Cancer in My Community is a Cancer.Net Blog series that shows the global impact of cancer and how people work to care for those with cancer in their region. Claudio Martin, MD, received his medical degree with honors in 1991 at Universidad de Buenos Aires in Argentina. He completed his training in internal medicine and residency in oncology at the Instituto Alexander Fleming in Buenos Aires, Argentina. He has been the head of thoracic oncology at the institution since 2004. He has also served as a staff oncologist at the Hospital de Rehabilitacion Respiratoria Maria Ferrer in Buenos Aires since 2004. Dr. Martin is a board member of the Argentina Association of Clinical Oncology (AAOC) and is the founder and director of the LATAM Consortium of Lung Cancer (CLICAP). View Dr. Martin’s disclosures.
Why I care for people with cancer
When I was a teenager, I lost a close family member to cancer. I now believe that this was when I decided, whether consciously or not, to dedicate my professional life to the prevention and treatment of cancer and helping people with cancer live longer and better.
My road to becoming an oncologist began during medical school at the Universidad de Buenos Aires. Following medical school, I did my residency in internal medicine, during which I served as the chief of residents. After my residency, I did a 3-year fellowship at the Instituto Alexander Fleming, where I also served as the chief of oncology residents. My journey down this road was arduous, but at the same time, it was fascinating. And it still hasn´t ended. My medical education is a work in progress that requires me to stay up to date on the latest advances and do my part in researching cancer and its treatments, particularly as they relate to the lives of people with cancer in Latin America.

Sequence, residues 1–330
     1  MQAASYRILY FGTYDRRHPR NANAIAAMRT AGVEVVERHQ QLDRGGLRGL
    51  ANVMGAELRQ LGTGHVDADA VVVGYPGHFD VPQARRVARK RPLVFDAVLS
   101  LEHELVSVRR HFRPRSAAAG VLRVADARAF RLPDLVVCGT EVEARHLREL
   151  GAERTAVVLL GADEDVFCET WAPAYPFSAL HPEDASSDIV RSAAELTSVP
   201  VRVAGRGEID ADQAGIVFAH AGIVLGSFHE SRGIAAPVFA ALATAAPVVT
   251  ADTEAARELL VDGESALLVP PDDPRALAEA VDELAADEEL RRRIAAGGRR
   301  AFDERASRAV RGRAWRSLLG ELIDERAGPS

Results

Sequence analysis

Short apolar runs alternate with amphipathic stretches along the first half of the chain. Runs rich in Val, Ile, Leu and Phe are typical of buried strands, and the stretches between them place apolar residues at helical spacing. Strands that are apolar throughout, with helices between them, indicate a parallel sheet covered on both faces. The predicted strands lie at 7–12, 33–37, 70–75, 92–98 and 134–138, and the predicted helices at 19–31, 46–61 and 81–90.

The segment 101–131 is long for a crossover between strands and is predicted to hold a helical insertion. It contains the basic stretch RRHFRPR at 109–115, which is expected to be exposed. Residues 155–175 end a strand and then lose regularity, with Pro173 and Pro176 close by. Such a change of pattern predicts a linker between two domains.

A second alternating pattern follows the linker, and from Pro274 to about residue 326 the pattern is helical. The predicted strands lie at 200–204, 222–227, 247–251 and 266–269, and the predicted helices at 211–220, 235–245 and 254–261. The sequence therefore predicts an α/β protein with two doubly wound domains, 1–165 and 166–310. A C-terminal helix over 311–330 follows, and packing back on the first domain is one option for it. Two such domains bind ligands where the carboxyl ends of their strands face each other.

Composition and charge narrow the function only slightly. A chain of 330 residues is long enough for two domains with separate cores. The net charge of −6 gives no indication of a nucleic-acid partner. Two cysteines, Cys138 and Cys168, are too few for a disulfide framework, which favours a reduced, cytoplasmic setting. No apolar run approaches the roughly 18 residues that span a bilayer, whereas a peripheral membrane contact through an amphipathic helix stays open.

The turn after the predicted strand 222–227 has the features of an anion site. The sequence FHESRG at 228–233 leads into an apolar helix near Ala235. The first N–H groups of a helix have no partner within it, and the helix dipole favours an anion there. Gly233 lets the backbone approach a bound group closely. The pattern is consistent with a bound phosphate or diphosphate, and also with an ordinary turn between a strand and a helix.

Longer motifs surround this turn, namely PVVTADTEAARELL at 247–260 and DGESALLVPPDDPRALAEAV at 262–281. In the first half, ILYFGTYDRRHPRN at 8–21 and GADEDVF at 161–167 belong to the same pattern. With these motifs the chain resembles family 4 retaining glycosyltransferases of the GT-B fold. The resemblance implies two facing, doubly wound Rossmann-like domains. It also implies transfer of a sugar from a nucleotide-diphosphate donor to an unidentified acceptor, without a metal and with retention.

While oncology is a demanding profession, I appreciate that it allows me to help my patients and their families during what is often a difficult and complex time in their lives. At the same time, it provides me with opportunities to do research that helps introduce new treatment advances in Latin America.
What cancer is like in Argentina
There is no single reality in health care for people with cancer in Argentina. There is a great deal of inequity that can frequently be seen in the form of lack of access to modern diagnostic methods, delayed diagnosis, and difficulty in obtaining the newest medications. It has been a major challenge meeting the needs of people with cancer and delivering the latest cancer treatments.
Although there is inequity in access to cancer care in Argentina, everyone here—even those who don´t have health insurance—has access to cancer treatment. However, having health insurance provides greater access to the most advanced treatments. The treatment centers with the latest technology in this country are located in the big cities, primarily in the city of Buenos Aires and the surrounding metropolitan area. In rural areas, it is more difficult to access cancer treatment.
As with other countries in Latin America, people associate a cancer diagnosis with long, difficult, and painful treatment. Very frequently, people who have been diagnosed with this disease and their families do not want to know the patient’s prognosis. But we have been making progress.
Great advances have been made in changing people’s perceptions of clinical trials and encouraging them to participate in cancer research. But constant effort is needed to publicize the advances in cancer care that, in several cases, have turned cancer into a chronic disease. Unfortunately, many patients still choose traditional and alternative medicines, in the hopes of obtaining results that conventional cancer treatments, such as surgery, chemotherapy, and radiation therapy, cannot offer or promise. However, most people with cancer in Argentina put their faith in conventional treatments.
Where patients can find local resources and support
Local information can be found at the Asociación Argentina de Oncología Clínica (AAOC) website and the Instituto Nacional del Cancer (INC) website.